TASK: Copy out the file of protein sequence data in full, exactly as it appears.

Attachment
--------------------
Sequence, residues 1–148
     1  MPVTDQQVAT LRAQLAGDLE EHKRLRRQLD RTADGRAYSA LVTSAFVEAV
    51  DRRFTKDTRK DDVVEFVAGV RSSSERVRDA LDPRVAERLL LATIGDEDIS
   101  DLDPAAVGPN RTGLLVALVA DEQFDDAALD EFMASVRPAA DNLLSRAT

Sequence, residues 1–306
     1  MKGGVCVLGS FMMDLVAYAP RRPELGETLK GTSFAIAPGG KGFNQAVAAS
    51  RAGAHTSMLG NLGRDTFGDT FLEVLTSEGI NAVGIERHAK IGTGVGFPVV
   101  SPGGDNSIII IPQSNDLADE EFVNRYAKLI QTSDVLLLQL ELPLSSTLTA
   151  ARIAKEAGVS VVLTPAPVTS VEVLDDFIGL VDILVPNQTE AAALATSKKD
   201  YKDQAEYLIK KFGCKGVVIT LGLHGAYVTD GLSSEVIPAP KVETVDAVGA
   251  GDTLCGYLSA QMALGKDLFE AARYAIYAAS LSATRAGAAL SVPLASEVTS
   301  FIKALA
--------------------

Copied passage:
Sequence, residues 1–148
     1  MPVTDQQVAT LRAQLAGDLE EHKRLRRQLD RTADGRAYSA LVTSAFVEAV
    51  DRRFTKDTRK DDVVEFVAGV RSSSERVRDA LDPRVAERLL LATIGDEDIS
   101  DLDPAAVGPN RTGLLVALVA DEQFDDAALD EFMASVRPAA DNLLSRAT

Sequence, residues 1–306
     1  MKGGVCVLGS FMMDLVAYAP RRPELGETLK GTSFAIAPGG KGFNQAVAAS
    51  RAGAHTSMLG NLGRDTFGDT FLEVLTSEGI NAVGIERHAK IGTGVGFPVV
   101  SPGGDNSIII IPQSNDLADE EFVNRYAKLI QTSDVLLLQL ELPLSSTLTA
   151  ARIAKEAGVS VVLTPAPVTS VEVLDDFIGL VDILVPNQTE AAALATSKKD
   201  YKDQAEYLIK KFGCKGVVIT LGLHGAYVTD GLSSEVIPAP KVETVDAVGA
   251  GDTLCGYLSA QMALGKDLFE AARYAIYAAS LSATRAGAAL SVPLASEVTS
   301  FIKALA